Manchaiah, V.K.C.
Thesis towards ‘Executive – Masters in Business Administration (E-MBA)’, School of Business and Economics, Swansea University, Swansea, UK.
Publication year: 2013


Background: Disability is a part of the human condition which many people will experience at some point in their life. People with disabilities experience various difficulties and disadvantages including higher rates of poverty, lower educational achievement, higher rates of deprivation in terms of food, poor housing and difficulties accessing healthcare. One aspect which needs particular attention is the appropriate housing for people with disability to help optimise their functioning, and that may improve their quality of life. Whilst there is some literature on ‘disability housing’ and ‘housing management’, there seem to be no focused work which looked at ‘management of disability housing and related support’.

 Aim: The aim of this exploratory study was to better understand the issues in managing housing and housing-related support for people with disabilities in South-Wales from perspectives of housing managers.

 Method: Data were collected from 12 participants (at different management levels) from 7 organisations based in South-Wales through semi-structured interviews. These data were analysed using thematic analysis and presented as a preliminary model.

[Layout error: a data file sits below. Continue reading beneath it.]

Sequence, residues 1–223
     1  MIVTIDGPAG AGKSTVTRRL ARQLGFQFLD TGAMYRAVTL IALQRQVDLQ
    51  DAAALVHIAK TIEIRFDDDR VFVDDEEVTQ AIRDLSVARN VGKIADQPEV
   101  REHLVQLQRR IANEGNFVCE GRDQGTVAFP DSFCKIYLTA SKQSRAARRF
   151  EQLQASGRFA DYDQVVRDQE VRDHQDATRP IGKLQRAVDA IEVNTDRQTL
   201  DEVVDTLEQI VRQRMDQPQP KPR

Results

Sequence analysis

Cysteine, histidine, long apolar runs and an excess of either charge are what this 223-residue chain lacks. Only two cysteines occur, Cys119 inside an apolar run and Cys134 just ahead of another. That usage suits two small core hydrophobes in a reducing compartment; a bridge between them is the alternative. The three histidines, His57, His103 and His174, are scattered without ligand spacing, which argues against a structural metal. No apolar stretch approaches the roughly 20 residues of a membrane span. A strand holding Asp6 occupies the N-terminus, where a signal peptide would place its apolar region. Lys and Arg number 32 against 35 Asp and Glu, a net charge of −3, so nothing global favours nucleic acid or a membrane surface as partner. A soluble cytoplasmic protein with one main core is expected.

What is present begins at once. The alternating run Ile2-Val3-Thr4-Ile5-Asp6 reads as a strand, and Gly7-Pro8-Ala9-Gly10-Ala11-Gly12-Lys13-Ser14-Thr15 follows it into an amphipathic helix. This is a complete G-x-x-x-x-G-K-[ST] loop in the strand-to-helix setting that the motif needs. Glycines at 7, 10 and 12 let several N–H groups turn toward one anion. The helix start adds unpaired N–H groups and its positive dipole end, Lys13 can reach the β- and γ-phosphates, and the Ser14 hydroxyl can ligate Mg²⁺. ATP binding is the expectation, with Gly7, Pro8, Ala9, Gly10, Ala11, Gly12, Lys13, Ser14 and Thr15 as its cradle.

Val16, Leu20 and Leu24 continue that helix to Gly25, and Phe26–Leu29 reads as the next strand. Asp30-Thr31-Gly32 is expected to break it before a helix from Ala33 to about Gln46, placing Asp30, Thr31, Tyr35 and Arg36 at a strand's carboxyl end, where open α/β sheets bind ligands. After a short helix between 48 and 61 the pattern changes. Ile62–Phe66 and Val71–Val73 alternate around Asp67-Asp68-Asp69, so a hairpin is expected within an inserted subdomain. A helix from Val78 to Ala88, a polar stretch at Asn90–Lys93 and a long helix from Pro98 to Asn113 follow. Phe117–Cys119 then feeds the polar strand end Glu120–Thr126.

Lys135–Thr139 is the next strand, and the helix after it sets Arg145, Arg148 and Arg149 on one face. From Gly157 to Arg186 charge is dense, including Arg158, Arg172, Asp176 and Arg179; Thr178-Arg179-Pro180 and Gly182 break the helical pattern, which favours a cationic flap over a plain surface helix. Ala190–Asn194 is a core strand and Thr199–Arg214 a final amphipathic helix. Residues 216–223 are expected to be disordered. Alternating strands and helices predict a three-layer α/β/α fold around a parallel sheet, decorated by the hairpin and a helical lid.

Results: The study highlighted two main themes – ‘processes’ and ‘challenges’ – and various sub-themes which run through both of these. In addition, several important observations which did not fit the model but related to disability housing management are discussed in a separate section.

 Conclusions: The study results suggest that managing disability housing is seen as a ‘challenging process’ from the perspective of housing managers.  The findings may have various implications especially in better understanding and possibly improving service provision in relation to disability housing management. In addition, even though the current exploratory study provides a good overview of this topic and highlights some of the main issues, considering the limited literature, further research is required in this area.